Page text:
Dr. Hannah graduated from Kansas City University of Medicine & Biosciences. He then completed a residency in Internal Medicine at the University of Kansas and a fellowship in Hospice & Palliative Medicine at Stanford University before joining as faculty at Stanford. His clinical practice includes both inpatient palliative care consultation as well as ambulatory care in palliative medicine. His research and educational interests include symptom management and utilizing media to grow palliative care services and education.

Clinical Focus

  • Palliative Medicine
  • Internal Medicine

Academic Appointments

Boards, Advisory Committees, Professional Organizations

  • Physician Member, American Academy of Hospice and Palliative Medicine (2016 - Present)

Professional Education

  • Board Certification: American Board of Internal Medicine, Hospice and Palliative Medicine (2018)
  • Residency: University of Kansas School of Medicine (2016) KS
  • Fellowship: Stanford University Hospice and Palliative Care Fellowship CA
  • Board Certification: American Board of Internal Medicine, Internal Medicine (2016)
  • Medical Education: Kansas City University of Medicine and Biosciences (2013) MO

All Publications

  • Education About Specialty Palliative Care Among Non-Healthcare Workers: A Systematic Review. Journal of pain and symptom management Smith, G. M., Singh, N., Hui, F., Sossenheimer, P. H., Hannah, J. M., Romano, P., Wong, H. C., Heidari, S. N., Harman, S. M. 2023


    Despite the expansion of palliative care (PC) services, the public has little knowledge and holds misperceptions about PC, creating barriers to accessing timely specialty PC.To systematically review the evidence regarding the efficacy of educational interventions to improve knowledge and attitudes about PC among non-healthcare workers.We searched five databases (PubMed/MEDLINE, Embase, CIANHL, Web of Science, and Scopus) for studies investigating educational interventions about specialty PC in adults who identified as patients, caregivers, or members of the public. We included studies that were available in English and had a comparator group. We excluded studies that only sampled health professionals or children. We used the Mixed Methods Appraisal Tool to assess quality and risk of bias.Of 12,420 records identified, we screened 5,948 abstracts and assessed 526 full texts for eligibility. 21 articles were extracted for analysis, representing 20 unique educational interventions. Common methodologies included quasi-experimental (9, 45%), randomized controlled trial (4, 20%), and non-randomized trial (2, 10%). Common components of the educational interventions included video presentations (9, 45%), written materials (8, 40%), and lectures (4, 20%). Content included definition (14, 70%) and philosophy (14, 70%) of PC, distinctions between PC and hospice (11, 55%), and eligibility for PC (11, 55%). Fourteen (70%) interventions showed statistically significant positive differences in either knowledge or attitudes about PC.While educational interventions can positively impact knowledge and attitudes about PC among non-healthcare workers, more research is needed to inform the design, delivery, and evaluation of interventions to increase knowledge and attitudes about PC.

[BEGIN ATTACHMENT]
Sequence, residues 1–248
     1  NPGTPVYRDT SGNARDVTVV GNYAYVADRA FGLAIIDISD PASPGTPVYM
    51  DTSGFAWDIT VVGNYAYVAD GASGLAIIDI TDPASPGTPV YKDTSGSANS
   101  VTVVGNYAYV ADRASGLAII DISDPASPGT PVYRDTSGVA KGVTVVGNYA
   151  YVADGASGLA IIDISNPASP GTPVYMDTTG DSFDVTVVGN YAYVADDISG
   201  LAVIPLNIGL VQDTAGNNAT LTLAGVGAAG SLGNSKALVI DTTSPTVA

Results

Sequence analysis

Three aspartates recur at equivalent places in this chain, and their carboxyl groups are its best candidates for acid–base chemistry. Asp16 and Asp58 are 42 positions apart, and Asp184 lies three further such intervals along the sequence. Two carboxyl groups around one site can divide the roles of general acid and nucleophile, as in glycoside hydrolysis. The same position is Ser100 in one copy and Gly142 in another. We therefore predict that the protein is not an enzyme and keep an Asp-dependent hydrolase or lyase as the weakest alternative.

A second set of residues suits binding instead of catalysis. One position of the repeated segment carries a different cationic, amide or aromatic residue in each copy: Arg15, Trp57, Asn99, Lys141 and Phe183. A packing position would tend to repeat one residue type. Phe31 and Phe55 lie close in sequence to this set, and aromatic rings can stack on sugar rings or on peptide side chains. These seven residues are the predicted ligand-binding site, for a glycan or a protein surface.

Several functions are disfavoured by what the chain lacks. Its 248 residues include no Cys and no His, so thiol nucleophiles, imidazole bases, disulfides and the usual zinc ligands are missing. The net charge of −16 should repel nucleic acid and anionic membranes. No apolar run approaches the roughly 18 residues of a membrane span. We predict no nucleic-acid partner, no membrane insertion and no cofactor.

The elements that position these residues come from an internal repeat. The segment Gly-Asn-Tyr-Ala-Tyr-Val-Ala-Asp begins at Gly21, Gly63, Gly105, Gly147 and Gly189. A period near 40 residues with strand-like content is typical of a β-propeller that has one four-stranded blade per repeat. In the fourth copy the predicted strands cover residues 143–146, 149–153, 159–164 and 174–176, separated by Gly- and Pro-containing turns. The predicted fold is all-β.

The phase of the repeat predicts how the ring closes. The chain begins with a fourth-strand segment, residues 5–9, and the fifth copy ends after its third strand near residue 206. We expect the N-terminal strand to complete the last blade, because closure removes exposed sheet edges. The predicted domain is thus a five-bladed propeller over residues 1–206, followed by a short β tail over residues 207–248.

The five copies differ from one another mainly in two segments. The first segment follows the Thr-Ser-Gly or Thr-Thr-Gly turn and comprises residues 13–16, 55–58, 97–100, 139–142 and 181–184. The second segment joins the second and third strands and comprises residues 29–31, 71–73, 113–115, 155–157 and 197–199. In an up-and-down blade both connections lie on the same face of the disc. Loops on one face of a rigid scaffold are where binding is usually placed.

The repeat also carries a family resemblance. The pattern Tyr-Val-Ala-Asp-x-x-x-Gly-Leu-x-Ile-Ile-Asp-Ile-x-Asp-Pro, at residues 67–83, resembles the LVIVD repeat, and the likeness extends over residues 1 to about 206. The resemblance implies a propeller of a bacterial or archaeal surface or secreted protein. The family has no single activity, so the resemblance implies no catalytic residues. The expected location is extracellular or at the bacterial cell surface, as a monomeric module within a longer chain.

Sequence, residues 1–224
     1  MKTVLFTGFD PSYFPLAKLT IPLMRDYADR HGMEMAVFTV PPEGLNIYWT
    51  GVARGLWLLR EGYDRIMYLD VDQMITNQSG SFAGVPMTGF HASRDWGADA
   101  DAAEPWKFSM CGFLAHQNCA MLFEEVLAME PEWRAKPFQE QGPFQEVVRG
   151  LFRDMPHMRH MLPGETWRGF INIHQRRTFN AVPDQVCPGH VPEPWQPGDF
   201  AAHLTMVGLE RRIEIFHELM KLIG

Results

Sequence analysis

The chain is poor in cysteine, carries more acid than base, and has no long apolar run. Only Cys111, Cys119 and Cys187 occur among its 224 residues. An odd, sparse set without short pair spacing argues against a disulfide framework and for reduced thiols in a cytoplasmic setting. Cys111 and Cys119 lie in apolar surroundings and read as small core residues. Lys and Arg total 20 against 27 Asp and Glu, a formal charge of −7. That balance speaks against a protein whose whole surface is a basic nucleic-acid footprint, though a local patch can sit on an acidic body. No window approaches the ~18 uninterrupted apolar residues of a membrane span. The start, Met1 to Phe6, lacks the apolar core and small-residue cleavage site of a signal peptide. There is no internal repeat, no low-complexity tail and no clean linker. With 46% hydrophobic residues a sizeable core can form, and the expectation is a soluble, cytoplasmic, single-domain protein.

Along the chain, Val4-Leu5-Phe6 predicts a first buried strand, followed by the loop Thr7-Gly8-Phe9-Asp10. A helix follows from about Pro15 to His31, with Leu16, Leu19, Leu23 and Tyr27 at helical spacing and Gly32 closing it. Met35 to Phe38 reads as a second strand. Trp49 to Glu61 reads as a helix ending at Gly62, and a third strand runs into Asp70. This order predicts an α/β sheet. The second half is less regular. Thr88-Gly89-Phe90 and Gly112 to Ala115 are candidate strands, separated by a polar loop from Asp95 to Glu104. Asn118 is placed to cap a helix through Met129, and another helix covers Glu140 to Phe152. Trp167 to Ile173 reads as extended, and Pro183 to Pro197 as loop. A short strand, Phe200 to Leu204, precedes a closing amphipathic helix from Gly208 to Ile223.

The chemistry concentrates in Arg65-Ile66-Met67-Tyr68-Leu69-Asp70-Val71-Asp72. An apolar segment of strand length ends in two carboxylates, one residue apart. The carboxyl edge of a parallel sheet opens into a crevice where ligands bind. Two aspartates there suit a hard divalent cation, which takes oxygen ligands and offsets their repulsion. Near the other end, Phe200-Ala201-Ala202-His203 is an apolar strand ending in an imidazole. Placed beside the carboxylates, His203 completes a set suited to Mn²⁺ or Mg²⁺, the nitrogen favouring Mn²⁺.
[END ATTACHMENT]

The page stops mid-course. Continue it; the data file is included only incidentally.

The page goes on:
View details for DOI 10.1016/j.jpainsymman.2023.09.023

    View details for PubMedID 37797678

  • "The More I Know ... the More I Like It": A Systematic Review Evaluating Public- and Patient-Facing Educational Interventions About Palliative Care Singh, N., Smith, G. M., Sossenheimer, P. H., Heidari, S. N., Hui, F., Hannah, J., Romano, P., Wong, C. ELSEVIER SCIENCE INC. 2023: E579
  • Virtual Reality for Symptom Management in Patients Undergoing Hematopoietic Stem Cell Transplantation: A Quality Improvement Initiative. Oncology nursing forum Vega, C., Whitney, R. L., Hannah, J., Smith, G. 2022; 49 (3): 233-241


    OBJECTIVES: To evaluate the effects of virtual reality (VR) on symptom distress, such as depression, anxiety, and pain, experienced by individuals receiving allogeneic hematopoietic stem cell transplantation.SAMPLE & SETTING: 20 participants aged 19-70 years (median age of 56.5 years) who were hospitalized in an academic setting received as many as two sessions of VR per week for two weeks.METHODS & VARIABLES: Before and after each session, participants completed the revised Edmonton Symptom Assessment Scale (ESAS-r) to evaluate their symptoms. Paired t tests were later conducted.RESULTS: VR sessions showed significant improvement in 8 of the 10 symptoms addressed in ESAS-r.IMPLICATIONS FOR NURSING: VR can improve symptoms in patients following hematopoietic stem cell transplantation in a hospital setting, provide a low-cost intervention to treat symptoms, and support future investigations exploring how VR affects prolonged hospitalizations related to distressing symptoms.

    View details for DOI 10.1188/22.ONF.233-241

    View details for PubMedID 35446838